WHEN I WAS SIXTEEN I WAS STILL A VIRGIN.
That was because, first of all, I was in love with the boy who didn't know me. He couldn't know because he left for the army before I had guts to say hi. At that time all boys in the Soviet Union had to serve in the army at eighteen. For three years.
Second of all, I dated a girl from my college. I dated her because the boy was away. We only had girls at our college, anyway. All boys served in the army. In Afghanistan and other places. Homosexuality was illegal in the Soviet Union, but that was what they called love between men. Men were put in prison for love.
Love between women did not exist. We never told anyone we were in love. We did not know how to do anything in bed because there were no books, no movies, or anything like that. We kind of invented stuff. We invented a lot of things, tampons, for example, as all that was available in drugstores was loose cotton wool and it was not always available.
So I was still a virgin and it was a problem. I didn't feel like sleeping with the boys I knew. They had all just returned from the army--or sometimes prison--drank vodka and smelled bad like onions and dirt. My girlfriend already had an abortion. Condoms were not available either. She didn't want to sleep with boys anymore.
One winter day I got a ride from a gypsy cab. Gypsy cabs were illegal cabs. Plenty were available; men would give girls a ride for free "for a talk" and would ask for stuff, but if you said "no," it was a "no," usually. It was dangerous at night and many girls got raped but that was their own fault, right?
So I got a ride from my work to the college. The gypsy cab was a long black government car with a lot of zeros at the license plate. The man wore a leather jacket and talked and smoked without a break. He was maybe fifty and had a strangely large belly, while the rest of him looked skinny. He looked like a pregnant cockroach, I thought. He asked me about school and work. I told him I worked at a military factory and I was studying to be an English teacher.
Then he asked me if I wanted to fuck. And, though normally I said no, I said yes. Because I thought it was a good opportunity to lose my virginity and never see him again. He was married; his wedding ring gleamed in the smoke. He drove me out of town and parked behind a train station.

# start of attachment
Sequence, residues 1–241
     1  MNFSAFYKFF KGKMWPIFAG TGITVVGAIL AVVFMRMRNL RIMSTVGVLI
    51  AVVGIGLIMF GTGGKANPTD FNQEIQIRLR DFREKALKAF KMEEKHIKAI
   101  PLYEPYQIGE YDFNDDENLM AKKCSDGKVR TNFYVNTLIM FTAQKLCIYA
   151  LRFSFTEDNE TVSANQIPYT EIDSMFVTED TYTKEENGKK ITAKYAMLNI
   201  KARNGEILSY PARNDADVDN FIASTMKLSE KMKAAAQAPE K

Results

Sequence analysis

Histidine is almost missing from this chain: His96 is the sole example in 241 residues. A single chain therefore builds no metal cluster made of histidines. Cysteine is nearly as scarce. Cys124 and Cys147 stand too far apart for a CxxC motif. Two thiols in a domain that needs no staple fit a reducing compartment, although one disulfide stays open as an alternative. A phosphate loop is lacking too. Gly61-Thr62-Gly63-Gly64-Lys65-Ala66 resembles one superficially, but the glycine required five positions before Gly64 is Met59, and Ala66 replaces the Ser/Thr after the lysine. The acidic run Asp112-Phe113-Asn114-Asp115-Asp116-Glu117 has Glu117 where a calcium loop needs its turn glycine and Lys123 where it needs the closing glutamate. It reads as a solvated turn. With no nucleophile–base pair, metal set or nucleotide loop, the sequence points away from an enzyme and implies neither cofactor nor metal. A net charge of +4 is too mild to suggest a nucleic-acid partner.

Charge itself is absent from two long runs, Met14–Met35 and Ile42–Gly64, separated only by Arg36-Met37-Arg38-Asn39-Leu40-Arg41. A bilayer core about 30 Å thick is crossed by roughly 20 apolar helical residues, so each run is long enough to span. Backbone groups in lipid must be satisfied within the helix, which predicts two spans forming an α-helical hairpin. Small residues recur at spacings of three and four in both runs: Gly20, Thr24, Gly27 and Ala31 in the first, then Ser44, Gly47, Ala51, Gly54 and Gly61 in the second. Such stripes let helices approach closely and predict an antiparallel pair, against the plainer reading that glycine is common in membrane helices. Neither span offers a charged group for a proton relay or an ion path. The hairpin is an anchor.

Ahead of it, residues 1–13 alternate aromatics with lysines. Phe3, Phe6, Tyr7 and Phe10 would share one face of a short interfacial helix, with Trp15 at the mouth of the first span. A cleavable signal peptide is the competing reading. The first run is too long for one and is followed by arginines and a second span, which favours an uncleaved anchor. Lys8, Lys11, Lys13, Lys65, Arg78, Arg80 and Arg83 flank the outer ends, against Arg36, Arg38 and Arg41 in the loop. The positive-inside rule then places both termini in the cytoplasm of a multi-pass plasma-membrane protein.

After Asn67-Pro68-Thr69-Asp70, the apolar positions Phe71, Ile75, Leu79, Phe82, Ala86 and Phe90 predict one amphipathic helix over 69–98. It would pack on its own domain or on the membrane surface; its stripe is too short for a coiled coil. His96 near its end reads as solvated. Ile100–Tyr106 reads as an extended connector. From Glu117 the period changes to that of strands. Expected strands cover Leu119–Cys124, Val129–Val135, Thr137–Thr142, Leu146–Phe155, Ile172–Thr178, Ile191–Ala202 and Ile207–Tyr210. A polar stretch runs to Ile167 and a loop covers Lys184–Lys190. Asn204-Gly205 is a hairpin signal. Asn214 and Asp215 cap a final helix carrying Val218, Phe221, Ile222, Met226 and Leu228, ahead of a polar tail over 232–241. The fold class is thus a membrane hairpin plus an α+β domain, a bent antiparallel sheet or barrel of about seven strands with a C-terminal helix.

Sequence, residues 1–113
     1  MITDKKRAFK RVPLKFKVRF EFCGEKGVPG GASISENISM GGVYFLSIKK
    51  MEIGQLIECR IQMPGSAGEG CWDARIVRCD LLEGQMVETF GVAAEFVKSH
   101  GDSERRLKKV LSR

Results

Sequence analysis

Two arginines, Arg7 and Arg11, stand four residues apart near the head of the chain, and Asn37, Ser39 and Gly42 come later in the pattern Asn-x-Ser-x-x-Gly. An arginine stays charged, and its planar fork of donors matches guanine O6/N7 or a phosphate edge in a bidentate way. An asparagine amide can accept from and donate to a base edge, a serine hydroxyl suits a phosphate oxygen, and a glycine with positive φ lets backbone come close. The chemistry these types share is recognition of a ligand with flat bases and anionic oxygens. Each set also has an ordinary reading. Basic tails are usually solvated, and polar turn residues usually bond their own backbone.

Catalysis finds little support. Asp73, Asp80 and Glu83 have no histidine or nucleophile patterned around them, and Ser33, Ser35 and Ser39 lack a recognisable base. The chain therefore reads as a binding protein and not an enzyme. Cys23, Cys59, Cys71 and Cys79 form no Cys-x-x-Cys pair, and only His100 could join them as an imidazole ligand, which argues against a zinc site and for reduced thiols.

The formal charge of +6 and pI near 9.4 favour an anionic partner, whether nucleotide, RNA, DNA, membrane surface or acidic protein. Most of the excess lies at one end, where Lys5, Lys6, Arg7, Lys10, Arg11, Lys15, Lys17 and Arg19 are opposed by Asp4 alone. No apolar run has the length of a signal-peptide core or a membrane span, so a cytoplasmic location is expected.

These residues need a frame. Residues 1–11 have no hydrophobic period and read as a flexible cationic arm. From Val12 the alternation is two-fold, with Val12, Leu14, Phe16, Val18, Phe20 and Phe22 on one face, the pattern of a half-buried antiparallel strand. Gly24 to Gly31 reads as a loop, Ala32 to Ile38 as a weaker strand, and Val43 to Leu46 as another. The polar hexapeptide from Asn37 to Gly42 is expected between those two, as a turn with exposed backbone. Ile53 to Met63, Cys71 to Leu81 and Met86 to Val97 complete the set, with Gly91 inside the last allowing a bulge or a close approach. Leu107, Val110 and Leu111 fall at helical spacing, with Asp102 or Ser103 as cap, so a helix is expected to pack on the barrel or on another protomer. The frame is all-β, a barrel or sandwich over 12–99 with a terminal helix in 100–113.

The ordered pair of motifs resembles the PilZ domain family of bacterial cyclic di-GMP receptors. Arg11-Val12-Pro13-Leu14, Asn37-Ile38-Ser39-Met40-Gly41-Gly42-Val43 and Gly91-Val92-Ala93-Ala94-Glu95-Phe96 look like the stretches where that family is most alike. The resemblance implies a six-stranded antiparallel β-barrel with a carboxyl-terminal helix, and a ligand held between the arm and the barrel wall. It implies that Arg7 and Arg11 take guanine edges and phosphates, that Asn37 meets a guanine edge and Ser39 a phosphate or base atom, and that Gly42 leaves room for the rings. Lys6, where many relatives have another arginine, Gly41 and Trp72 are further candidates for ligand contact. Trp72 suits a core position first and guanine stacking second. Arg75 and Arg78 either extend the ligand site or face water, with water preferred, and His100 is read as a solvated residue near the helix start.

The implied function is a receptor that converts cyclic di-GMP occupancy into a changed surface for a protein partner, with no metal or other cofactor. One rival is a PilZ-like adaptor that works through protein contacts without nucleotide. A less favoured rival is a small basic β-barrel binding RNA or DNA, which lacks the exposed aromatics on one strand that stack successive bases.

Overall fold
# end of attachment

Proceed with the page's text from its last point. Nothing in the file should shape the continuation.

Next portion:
"Only," I said. "I never did it before."
"Hahaha," he said. "Hahaha."
And then he kept laughing and he laughed and laughed as he found out that it was true. He smelled like moldy cucumber and cheese salad and Marlboro cigarettes, his giant stomach was soft and heavy, and it lasted three minutes and hurt a lot but not as bad as at the dentist's. We did not have anesthesia, so drilling teeth hurt the worst in the world, and we compared all pain to it.
The train passed by; I still remember that tududum-tududum-tududum sound of the wheels, and the whistle and the bright passing light, a flash over the car. I kept my eyes open. And my eyes were dry. So he laughed and gave me 30 roubles and three roubles for not crying. It was a lot of money, my monthly pay, and I said, "No, it's ok."
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I SWEAR it’s not like me to normally want to beat the crap out of senior citizens, but this one in particular was royally pissing me off. The lit ‘zine I worked for, Cherry Bleeds, was producing an event of featured female readers at the New College Creamery in the heart of San Francisco’s Mission District. Sometime during the set of the second reader, Cassandra Dallett, a man who looked to be in his late fifties or early sixties, with long greying hair and a grey beard, hobbled through the door with cane in hand and promptly yelled out “what the fuck is this shit?!” in the middle of the reading.
‘Zine founder Tony DuShane was our door guy that night, and came up to me to announce “I’m running this fucker out right now.” By the time we both reached the entrance to the venue, the old man was already out in the street, going back and forth with Kathleen Wood, our evening’s first reader who had already rushed outside to deal with the situation. Tony and I approached the two of them, ready to somehow defend the honor of our series’ readers, only to have Kathleen turn to us, put her hand up to us and say “No man, this is Vampyre Mike.”
Poem of the Week
who have experienced
on a large
i tell raif
i think my
might be dead
haven't seen her
& her car hasn't moved
for two weeks.
you would smell it
passing me a plate
of triangular shaped bread
slathered in jam.
Story of the Week
DARLEEN SQUEELED into the empty spot as soon as the gleaming white Mercedes pulled out. "We got lucky," she told Montana. "Even on a Monday night, this lot is killer."
Montana rolled her big blue eyes. "Whatever."
The eleven year old had better things to do, like text her friends. Incessantly, as if she had a tic. The kid hadn't wanted to shop tonight, but Darleen insisted. This was their first Christmas without Paulie and the girls needed to stick together. Darleen's ex had been nasty lately and mediation had hit a cement wall. Montana wasn't aware how dangerously close they were to losing access to Paulie's vast and unreported wealth.
Montana sighed dramatically as she yanked open the door of the Porsche Cayenne and tumbled out. She didn't pause in her texting.
Darlene checked her face in the rearview mirror. The most recent fat transfer had been wildly successful. She loved her new lips. Grabbing her Gucci bag, she hopped out of the front seat.
Her daughter trailed her into the mall, thumbs flashing on her phone keypad.